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Trump: I 'Didn't Care' About Arctic Drilling Until My Big Oil Friend Said I Should

"It's a sickening display of how easily the president is swayed into supporting something that will likely benefit his friends at the expense of the public."

"I didn't really care about it, but then when I heard everybody wanted it for 40 years, they've been trying to get it approved and I said, 'make sure you don't lose ANWR,' Trump explained. (Photo: U.S. Fish and Wildlife Service Headquarters/Flickr/cc)

"America's treasures are up for sale and the only thing you need to get them is the president's phone number."
—Brian Kahn, Earther

If President Donald Trump's own account is to be believed, he "really didn't care" about opening up the Arctic National Wildlife Refuge (ANWR) to drilling—but everything changed when one of his rich buddies from the oil and gas industry called him up and explained how great and profitable it would be.

Here is how Trump recounted the call during a rambling performance at the Republican Member Conference in West Virginia on Thursday:

A friend of mine called up in that world, in that business and said 'is it true you're thinking about ANWR?' I said, 'yeah, I think we’re going to get it but you know,."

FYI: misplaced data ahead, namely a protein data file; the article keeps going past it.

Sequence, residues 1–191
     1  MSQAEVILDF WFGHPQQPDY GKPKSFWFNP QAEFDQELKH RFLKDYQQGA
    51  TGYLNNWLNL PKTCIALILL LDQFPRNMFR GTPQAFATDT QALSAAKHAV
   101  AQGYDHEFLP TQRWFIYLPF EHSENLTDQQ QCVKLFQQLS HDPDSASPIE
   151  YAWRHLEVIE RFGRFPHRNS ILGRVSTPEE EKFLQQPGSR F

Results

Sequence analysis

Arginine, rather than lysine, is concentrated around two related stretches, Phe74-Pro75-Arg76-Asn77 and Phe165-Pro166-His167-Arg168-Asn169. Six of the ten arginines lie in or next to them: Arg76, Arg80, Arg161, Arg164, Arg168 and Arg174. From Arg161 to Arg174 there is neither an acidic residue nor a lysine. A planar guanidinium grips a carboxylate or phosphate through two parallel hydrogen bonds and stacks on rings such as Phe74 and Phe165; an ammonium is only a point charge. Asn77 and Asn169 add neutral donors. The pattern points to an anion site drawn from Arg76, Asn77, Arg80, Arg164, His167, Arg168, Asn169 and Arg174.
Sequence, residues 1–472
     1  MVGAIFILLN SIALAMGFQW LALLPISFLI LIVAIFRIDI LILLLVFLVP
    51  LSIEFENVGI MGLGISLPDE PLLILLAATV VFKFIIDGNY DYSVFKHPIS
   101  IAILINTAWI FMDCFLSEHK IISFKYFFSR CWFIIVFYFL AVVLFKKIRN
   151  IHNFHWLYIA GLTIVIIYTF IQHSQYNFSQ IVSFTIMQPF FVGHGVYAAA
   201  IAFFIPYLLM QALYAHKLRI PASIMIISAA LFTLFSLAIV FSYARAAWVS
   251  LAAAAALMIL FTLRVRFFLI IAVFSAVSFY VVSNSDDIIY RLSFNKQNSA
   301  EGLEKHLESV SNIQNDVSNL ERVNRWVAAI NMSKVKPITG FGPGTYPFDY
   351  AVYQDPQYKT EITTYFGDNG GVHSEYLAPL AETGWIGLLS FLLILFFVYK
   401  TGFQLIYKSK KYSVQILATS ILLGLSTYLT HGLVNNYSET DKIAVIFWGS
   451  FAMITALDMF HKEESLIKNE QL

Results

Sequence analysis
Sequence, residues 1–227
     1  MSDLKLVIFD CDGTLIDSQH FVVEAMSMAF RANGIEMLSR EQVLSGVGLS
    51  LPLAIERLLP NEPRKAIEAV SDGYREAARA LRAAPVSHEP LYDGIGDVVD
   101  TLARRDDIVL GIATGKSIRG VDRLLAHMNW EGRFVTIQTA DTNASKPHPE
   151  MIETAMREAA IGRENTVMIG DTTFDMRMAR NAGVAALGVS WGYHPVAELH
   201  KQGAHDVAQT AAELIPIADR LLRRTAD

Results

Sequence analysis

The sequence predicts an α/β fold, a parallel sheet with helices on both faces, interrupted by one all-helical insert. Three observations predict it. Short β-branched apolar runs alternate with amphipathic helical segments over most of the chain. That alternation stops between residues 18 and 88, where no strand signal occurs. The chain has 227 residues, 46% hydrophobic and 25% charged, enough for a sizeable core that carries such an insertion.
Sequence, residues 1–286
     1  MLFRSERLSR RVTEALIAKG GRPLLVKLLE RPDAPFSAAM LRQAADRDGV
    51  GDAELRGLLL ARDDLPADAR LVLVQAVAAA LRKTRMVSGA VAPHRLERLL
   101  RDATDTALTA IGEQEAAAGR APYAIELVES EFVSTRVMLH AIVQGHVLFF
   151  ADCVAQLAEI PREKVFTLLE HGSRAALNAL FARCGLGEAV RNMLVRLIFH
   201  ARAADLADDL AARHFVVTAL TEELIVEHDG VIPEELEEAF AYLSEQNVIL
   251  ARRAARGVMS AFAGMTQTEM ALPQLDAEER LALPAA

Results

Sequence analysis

He said, "are you kidding? You know that's the biggest thing by itself. Ronald Reagan and every president has wanted to get ANWR approved."

And after that, I said, "oh, make sure that's in the [$1.5 trillion tax] bill."

Trump went on to explain that another key factor in his support for ANWR drilling—which scientists and conservationists have said would cause irreperable harm to "the most beautiful, pristine wildlife refuge that we have in the United States"—was the failure of previous presidents to open up the 19 million-acre refuge to the oil and gas industry.

"I really didn't care about it, but then when I heard everybody wanted it for 40 years, they've been trying to get it approved and I said, 'make sure you don't lose ANWR,' Trump explained.

As Earther's Brian Kahn notes, Trump's remarks are further evidence that—in the view of the White House and the Republican leadership—"America's treasures are up for sale and the only thing you need to get them is the president's phone number."

"It's a sickening display of how easily the president is swayed into supporting something that will likely benefit his friends at the expense of the public," Kahn added.

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